- Know Your Audience.
The specification book is written for one person or entity, the general contractor. The general contractor is ultimately responsible for everything in that specification book.
Contractors may decide to delegate certain portions of the specifications and their corresponding responsibilities to various sub-contractors. That decision should be at the sole discretion of the general contractor. Therefore, you should avoid delegating duties within the hardware specification section to other parties. While you should know what other parties are likely to use the hardware specification section (for example, the door and hardware distributor, the installers, and others necessary to coordinate efforts with), the general contractor should be the only person providing direction.
- Don’t be afraid to challenge the architect.
As a hardware consultant, you review the entire project while developing a hardware schedule. Going through this process, you’ll see the project from an entirely different perspective than the architect. You can often detect things that are potential code violations, which the architect might overlook or won’t be aware of.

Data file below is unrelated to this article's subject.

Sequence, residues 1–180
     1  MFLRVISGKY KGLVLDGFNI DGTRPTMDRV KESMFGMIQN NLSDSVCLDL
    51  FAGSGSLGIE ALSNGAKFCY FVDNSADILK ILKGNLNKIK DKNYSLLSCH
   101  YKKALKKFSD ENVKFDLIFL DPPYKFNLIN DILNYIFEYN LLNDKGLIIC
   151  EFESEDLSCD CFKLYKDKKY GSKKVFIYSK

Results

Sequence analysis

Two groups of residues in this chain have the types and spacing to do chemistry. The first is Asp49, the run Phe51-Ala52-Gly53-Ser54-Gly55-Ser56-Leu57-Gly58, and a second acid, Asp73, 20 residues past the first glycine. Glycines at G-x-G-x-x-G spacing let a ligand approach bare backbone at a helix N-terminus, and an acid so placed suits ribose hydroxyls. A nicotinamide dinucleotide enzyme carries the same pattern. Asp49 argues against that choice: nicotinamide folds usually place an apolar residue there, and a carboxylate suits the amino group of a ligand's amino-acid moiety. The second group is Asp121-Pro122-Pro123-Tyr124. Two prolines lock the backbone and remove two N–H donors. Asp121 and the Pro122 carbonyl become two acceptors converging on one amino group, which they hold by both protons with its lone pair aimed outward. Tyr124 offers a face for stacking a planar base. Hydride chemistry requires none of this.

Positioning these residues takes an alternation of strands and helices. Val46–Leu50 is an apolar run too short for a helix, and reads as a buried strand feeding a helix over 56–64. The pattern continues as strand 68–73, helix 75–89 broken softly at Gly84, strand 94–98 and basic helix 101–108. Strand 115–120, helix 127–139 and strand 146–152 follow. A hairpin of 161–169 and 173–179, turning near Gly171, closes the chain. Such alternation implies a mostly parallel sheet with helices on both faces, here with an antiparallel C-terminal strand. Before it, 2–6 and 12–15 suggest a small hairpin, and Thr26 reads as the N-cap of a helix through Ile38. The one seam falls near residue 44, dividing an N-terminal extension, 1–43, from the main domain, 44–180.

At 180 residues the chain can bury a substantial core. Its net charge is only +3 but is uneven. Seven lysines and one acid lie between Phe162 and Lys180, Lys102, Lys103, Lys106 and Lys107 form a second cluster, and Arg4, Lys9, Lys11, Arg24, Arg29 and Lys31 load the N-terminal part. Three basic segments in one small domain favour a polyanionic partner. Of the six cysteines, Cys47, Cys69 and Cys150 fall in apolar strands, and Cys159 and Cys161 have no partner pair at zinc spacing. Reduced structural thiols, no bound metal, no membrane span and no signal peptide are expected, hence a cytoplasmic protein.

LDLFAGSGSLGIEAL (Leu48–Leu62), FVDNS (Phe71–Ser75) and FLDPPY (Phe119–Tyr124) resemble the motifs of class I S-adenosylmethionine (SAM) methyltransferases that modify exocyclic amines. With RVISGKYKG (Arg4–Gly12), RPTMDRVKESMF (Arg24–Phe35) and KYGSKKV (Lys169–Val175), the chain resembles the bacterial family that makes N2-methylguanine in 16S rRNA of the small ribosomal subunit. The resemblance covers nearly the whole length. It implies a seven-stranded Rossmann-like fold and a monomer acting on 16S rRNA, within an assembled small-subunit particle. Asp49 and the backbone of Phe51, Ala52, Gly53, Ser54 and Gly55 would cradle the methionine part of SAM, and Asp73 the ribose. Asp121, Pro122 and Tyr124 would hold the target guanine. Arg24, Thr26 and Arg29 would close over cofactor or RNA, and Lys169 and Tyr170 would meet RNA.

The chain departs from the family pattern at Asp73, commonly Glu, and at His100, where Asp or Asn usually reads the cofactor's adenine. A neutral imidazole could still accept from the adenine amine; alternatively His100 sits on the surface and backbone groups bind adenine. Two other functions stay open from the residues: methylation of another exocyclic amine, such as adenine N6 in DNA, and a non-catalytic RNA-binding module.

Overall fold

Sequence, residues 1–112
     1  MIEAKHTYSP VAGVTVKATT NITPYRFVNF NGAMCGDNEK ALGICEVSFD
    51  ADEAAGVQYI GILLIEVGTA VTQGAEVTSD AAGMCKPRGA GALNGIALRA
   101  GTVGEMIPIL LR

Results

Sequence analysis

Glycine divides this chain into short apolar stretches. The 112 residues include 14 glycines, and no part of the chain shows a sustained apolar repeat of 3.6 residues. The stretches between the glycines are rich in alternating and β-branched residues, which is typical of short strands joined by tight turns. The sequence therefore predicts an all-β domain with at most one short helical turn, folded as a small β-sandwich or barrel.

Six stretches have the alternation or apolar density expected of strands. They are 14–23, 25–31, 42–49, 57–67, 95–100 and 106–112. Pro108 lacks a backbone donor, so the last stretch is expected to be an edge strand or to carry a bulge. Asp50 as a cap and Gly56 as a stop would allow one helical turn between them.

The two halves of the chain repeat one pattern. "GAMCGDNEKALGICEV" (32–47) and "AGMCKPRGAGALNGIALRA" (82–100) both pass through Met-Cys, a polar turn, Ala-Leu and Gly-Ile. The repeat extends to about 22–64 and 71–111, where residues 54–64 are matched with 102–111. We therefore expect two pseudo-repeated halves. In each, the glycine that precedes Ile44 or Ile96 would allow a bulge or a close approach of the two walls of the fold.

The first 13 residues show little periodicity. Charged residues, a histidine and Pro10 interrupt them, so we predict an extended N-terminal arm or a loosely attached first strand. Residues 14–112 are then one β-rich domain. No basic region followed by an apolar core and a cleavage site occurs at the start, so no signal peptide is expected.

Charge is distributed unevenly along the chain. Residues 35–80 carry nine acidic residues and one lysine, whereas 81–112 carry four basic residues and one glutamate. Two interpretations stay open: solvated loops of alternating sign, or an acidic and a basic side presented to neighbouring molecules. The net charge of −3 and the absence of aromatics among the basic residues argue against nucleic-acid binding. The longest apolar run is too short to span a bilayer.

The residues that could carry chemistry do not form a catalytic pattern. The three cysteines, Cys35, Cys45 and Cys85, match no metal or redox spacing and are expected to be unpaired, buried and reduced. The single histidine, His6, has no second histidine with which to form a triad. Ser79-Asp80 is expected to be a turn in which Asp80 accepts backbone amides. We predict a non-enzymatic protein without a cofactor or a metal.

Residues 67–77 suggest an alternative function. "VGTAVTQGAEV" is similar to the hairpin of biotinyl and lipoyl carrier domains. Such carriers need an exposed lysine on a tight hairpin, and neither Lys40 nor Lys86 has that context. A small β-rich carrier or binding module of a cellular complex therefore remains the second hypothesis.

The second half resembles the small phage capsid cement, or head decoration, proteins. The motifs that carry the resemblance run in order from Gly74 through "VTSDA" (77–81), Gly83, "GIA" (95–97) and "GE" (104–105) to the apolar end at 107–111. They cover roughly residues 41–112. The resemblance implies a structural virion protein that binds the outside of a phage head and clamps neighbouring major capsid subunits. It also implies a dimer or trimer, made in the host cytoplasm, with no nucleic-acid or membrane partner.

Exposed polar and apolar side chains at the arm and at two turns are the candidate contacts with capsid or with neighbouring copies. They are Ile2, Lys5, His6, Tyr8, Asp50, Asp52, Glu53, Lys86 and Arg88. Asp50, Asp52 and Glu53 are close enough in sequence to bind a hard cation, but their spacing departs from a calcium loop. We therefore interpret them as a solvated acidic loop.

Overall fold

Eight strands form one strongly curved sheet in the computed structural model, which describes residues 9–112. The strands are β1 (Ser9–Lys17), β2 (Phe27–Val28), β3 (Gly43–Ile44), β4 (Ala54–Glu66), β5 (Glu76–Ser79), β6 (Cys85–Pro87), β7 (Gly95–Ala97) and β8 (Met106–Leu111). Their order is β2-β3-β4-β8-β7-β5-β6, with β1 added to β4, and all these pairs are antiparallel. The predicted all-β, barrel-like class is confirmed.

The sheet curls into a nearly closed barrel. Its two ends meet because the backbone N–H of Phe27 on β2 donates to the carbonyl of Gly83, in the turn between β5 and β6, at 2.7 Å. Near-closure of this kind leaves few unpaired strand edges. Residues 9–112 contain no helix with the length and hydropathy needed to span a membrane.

With sliding doors on conference rooms, for instance, architects may not realize that rooms with ten or more people require a pivoting (swinging) door as a means of egress. I’ve frequently seen office space plans showing sliding doors on all the offices and conference rooms, including some larger ones that clearly have an occupancy load greater than ten. Since manual sliding doors typically do not have a break out feature, architects need to either change the sliding door to swinging or add a swinging door somewhere else as the egress door. You’ll need to advise architects on requirements for situations like this one and many others.
The architect will appreciate your feedback. This gives you additional credibility as an expert and adds value to the services you are providing.
- Fill in the blanks, and check your work.
In today’s environment, project schedules are more compressed than ever. Hardware consultants are engaged very early in the process, often in the middle of design development. You may be expected to create a complete hardware specification and schedule by the end of design development so the building owner can get accurate pricing from their contractor. Often, contractors are locked into a GMP (Guaranteed Maximum Price) at this stage.